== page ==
Post by yves on Aug 5, 2016 14:23:27 GMT -5
Granted I don't know what you mean by "affordable" as to me this means $2k or so... There are some nice DIY options in the $2-3k range that will blow away almost all other options. If you saying adding two off the shelf $200-400 subs will not be better and isn't worth the expense of buying a processor, I agree with you.
However, from a technical perspective there is a lot that says otherwise if one wants a no compromise system...
1. Google "intermodulation subwoofer;" turns out this is very audible at low frequencies to the human ear. This is no audiophile BS as there are measurements on google. You can both hear and measure this difference.
2. Having dual subs (wired in mono config) in ideal placement may be at different locations than your main speakers. This is more than likely true, but depends on the room.
3. Subs can be properly time aligned using free software like Room EQ Wizard (REW), and will disappear into the stereo image when crossed over properly. Almost no one takes the time to do this unfortunately. Heck, I have an MS in Electrical Engineering and still spent 100's of hours studying this subject and trying to fully understand the REW manual that is hundreds of pages! I'm not sure what the average Joe should do other than hire a professional audio engineer to set up their subs... I find that most "experts" at the high end audio stores just want to sell snake oil and don't know anything either which probably doesn't help things.
4. You absolutely need more than a single sub to get better bass than a pair of nice speakers; this is almost always the case. I have also found it is also good to elevate the dual subs off the floor or choose subs with stacked drivers. Both these have to do with room modes/how the subs couple to the room. Again measurable, but stacked drivers is going to double the cost which proves your cost standpoint even more as will having two subs instead of one.
5. My speakers retail in the $20k range (didn't pay anywhere near that and bought used). My room is very well treated too. I still use dual subs and promise you can measure distortion with REW and see along with hear a difference.
I get that 99% of audiophiles are not as crazy as me. Some just like that "full" bass sound (e.g. bass with distortion). From a technical standpoint, my personal goal is to recreate what I listen to in as true of a fashion. Once you train your ear to listen to bass with very low distortion (for example, my system is below 1% THD down to ~18 Hz at 90dBA in room as measured from the MLP), it will be very hard to go back to hearing bass with distortion. Also room acoustics plays a big part as I strive for waterfall decay times below 100Hz that most have never heard (e.g. decays less than 180ms at 60dB down from the peak between 20-100Hz). I love the tactile feel from a drum solo and want my system to be transparent to the source material, some may not though.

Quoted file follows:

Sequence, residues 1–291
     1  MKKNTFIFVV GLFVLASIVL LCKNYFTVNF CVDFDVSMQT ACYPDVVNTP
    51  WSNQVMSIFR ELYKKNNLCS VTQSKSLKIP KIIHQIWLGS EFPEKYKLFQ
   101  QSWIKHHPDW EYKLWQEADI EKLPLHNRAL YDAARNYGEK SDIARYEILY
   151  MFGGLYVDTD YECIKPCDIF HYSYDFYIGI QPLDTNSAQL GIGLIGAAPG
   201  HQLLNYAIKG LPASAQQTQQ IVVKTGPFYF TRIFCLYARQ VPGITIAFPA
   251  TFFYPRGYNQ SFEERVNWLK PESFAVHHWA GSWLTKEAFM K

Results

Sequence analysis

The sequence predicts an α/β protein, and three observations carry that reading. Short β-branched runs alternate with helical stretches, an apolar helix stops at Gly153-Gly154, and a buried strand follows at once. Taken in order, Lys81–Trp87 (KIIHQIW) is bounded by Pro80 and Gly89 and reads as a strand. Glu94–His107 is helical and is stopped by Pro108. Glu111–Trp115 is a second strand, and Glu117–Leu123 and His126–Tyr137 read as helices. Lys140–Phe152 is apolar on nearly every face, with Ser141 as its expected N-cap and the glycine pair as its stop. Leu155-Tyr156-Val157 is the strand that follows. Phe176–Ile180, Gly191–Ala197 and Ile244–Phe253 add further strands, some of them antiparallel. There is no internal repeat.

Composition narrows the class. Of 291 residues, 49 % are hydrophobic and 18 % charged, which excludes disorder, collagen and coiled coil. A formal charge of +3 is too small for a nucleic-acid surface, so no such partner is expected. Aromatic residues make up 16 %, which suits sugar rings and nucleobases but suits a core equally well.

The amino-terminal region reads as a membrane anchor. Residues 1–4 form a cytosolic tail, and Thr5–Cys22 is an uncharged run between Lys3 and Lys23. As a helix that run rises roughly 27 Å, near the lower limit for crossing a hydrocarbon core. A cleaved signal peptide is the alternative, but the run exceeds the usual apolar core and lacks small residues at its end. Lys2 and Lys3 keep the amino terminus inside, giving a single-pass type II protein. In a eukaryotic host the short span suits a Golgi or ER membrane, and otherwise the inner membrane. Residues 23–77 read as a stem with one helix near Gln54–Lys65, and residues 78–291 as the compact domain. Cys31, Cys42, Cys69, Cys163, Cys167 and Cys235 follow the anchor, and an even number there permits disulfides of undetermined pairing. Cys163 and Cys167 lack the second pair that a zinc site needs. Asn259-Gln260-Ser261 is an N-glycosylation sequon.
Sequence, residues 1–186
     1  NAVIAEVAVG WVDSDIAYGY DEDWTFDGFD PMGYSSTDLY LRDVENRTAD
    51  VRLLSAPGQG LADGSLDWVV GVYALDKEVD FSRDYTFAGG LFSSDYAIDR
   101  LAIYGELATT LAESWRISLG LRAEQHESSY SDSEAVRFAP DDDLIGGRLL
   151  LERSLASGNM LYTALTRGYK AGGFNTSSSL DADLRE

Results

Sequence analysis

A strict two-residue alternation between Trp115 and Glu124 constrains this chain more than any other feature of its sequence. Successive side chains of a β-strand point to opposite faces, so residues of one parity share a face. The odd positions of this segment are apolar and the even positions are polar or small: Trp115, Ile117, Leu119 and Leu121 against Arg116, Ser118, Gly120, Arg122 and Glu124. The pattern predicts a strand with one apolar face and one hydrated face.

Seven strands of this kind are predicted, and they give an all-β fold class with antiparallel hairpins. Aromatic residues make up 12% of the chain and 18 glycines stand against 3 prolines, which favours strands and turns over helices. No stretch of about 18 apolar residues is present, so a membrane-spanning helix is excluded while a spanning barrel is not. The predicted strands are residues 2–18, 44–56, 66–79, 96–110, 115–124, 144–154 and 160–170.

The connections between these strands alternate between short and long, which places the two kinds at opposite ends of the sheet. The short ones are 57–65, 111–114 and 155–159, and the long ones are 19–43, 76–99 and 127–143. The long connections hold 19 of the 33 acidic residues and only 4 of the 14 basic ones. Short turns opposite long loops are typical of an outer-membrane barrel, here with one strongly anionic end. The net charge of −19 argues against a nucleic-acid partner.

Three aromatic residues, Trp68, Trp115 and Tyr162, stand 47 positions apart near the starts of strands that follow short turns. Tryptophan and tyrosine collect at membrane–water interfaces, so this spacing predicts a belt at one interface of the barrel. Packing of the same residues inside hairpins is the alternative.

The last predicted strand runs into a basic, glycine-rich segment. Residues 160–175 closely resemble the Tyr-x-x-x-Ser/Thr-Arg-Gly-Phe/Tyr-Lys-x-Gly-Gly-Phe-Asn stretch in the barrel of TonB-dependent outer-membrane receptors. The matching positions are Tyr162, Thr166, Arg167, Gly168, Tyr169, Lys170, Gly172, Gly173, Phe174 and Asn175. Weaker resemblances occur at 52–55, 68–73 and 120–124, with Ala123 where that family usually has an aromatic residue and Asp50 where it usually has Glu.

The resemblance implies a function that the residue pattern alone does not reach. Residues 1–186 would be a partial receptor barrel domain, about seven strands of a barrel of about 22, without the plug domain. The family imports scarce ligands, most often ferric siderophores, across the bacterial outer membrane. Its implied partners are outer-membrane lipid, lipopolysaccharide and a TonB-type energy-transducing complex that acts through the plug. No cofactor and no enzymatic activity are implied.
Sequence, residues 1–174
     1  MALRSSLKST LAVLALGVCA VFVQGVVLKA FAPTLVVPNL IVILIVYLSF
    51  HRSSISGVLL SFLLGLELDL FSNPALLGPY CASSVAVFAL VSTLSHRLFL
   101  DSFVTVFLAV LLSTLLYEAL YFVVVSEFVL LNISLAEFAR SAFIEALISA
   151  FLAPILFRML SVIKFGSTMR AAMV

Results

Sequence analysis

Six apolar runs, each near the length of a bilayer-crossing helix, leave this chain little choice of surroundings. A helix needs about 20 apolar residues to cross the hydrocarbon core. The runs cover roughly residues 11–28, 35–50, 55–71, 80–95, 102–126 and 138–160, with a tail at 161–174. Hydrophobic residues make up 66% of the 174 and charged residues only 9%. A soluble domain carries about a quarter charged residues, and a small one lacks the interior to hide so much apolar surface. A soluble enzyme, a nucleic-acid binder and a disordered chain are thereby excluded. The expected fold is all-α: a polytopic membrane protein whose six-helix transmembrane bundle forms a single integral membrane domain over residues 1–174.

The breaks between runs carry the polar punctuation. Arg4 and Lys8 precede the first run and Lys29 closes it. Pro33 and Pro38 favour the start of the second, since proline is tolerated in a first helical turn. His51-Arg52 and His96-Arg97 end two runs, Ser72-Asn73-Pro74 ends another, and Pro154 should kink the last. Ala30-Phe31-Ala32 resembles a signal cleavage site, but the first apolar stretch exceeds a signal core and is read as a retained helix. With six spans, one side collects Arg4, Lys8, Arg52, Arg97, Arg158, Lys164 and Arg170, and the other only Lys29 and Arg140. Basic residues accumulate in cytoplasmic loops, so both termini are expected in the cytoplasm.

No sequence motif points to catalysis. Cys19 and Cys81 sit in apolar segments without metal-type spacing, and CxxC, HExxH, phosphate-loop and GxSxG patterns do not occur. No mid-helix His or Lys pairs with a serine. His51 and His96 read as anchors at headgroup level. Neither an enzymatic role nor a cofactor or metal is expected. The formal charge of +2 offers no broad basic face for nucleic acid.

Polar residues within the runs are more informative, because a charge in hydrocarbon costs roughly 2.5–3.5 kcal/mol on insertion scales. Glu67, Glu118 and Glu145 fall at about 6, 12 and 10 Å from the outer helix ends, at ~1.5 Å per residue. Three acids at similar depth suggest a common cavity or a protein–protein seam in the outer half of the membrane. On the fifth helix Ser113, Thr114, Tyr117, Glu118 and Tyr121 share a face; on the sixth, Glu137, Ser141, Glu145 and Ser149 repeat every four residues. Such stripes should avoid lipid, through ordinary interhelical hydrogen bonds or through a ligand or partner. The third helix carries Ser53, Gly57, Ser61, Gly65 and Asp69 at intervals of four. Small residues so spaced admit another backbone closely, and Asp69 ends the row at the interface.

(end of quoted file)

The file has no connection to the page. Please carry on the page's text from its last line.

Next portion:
Personally, I, fancy listening to stereo music a lot more than watching movies in the best possible multichannel sound quality. That's why, for me, it didn't really matter that most of those USB DACs are expensive. The music simply matters more, and I tend to completely disagree with anyone who keeps insisting that, for listening to stereo music, adding affordable subs to a fairly high end stereo playback system is always easily worth the time, effort, and expense. In fact, I find that making it justifyable as an upgrade for stereo music playback would cost me something more in the vicinity of, say, 8 times the price of a strong DAC. But then, obviously that's just me.
I have no real interest in DIY subs, but I feel confident that spending much less than $8,000 (retail price) on a pair of subs will not be an upgrade for my current setup for stereo music.